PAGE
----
With this situation if an owner has to move, and does not have cash to take to closing, as Realtors we are suggesting to the owner to try to work a deal with the lender to take less than is owed on the mortgage. This is called a "short sale."

You might question why a lender would do that, but often they are better off taking a little less now than spending over a year going through the foreclosure process with mounting legal fees, taxes, and utility bills to pay. Plus there's the concern the lender should have of sitting with a vacant house that could be vandalized or have frozen pipes in the winter or whatever.

From the owner's point of view, they end up with a rather mild "blip" on their credit record as compared to going into foreclosure which stays on their credit record for TWELVE years and makes it difficult to get another mortgage at a reasonable interest rate during those years.

Difficult as it is to lose a home, we encourage owners to face the issues early on while there is time to possibly work a deal with their lender. As Realtors many of us are able to provide asistance with the process.

Monday, April 02, 2007

Wasilla, Alaska First Quarter Marketing Statistics for 2007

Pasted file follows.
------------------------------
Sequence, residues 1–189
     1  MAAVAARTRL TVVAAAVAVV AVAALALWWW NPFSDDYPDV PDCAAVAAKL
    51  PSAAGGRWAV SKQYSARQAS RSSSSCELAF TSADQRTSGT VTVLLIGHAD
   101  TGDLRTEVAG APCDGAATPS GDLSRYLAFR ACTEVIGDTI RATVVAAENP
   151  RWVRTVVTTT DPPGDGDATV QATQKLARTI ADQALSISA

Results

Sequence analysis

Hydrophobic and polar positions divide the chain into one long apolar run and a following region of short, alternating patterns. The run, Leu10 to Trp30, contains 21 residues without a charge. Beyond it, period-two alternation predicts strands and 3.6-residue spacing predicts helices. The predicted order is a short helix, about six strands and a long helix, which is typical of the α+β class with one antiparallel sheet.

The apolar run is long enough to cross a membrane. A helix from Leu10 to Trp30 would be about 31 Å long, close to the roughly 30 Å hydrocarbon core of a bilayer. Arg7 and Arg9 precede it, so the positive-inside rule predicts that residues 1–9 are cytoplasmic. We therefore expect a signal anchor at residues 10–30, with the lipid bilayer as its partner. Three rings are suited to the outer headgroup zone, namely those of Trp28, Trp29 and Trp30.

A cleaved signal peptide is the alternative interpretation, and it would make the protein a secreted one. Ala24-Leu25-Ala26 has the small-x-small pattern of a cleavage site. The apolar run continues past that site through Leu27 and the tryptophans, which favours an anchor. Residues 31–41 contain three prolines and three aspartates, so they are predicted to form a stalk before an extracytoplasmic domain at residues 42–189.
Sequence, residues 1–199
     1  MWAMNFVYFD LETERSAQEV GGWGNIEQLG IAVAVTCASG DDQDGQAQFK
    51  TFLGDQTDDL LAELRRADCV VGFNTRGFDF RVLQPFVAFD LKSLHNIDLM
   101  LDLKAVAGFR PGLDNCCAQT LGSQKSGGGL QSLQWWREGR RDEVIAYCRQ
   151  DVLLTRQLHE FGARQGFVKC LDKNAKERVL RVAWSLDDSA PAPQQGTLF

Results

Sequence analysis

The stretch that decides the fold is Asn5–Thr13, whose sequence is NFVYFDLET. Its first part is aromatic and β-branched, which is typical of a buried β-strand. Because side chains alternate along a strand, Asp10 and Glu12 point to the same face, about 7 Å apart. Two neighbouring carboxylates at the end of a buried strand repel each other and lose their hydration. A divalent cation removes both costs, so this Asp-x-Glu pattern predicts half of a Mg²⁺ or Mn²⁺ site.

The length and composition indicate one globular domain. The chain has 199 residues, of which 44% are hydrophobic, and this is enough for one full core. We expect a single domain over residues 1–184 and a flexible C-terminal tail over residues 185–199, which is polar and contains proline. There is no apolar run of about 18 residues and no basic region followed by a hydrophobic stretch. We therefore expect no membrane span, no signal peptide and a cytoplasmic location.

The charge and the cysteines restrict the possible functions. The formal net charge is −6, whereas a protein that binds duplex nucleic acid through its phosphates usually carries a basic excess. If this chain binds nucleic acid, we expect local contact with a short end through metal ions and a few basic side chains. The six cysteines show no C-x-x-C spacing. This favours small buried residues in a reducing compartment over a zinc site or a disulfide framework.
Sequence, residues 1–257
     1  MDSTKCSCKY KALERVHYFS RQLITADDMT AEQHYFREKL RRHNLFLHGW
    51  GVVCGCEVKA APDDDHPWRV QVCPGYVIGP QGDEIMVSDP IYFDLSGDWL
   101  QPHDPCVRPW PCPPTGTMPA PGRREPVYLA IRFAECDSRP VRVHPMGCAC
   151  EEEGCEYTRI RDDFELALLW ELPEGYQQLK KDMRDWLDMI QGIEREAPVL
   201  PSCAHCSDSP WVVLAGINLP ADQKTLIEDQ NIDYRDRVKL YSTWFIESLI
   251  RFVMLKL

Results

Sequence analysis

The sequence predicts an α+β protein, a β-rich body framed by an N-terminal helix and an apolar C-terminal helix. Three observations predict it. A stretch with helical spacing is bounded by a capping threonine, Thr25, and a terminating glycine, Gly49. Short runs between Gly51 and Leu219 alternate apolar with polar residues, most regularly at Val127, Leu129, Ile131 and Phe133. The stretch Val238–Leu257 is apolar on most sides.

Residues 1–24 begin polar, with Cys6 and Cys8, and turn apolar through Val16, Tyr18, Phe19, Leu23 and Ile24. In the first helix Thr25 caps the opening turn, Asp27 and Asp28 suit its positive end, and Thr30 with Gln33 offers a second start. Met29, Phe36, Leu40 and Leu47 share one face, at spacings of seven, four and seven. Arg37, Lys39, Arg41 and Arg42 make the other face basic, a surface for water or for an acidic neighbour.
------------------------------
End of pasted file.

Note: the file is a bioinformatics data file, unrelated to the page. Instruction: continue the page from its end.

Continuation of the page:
Our market here in Alaska started changing last fall. We have transitioned from a seller's market to a normal market. This change of pace has caught a lot of folks and a lot of real estate agents off guard. Currently our residential market is off 5% as compared to the first quarter of 2006. To see my full first quarter report click here

Sunday, April 01, 2007

Real Estate Myths Debunked

Real Estate Myths Debunked

After almost 23 years in the real estate business I have found there are still lots of misconceptions surrounding real estate. Here are my top 6 real estate myths:

1. If the house has been on the market for a while, the seller will negotiate price. There are many reasons a house may have been on the market for awhile. Maybe they had an offer that fell through because the buyer couldn’t qualify, possibly the house was listed at a higher price initially and after several days on the market the sellers reduced their price, or maybe the seller had an emergency and the house couldn’t be shown for several days. Just because a home has been on the market for more than the average number of days, does not mean the seller will negotiate their listed price.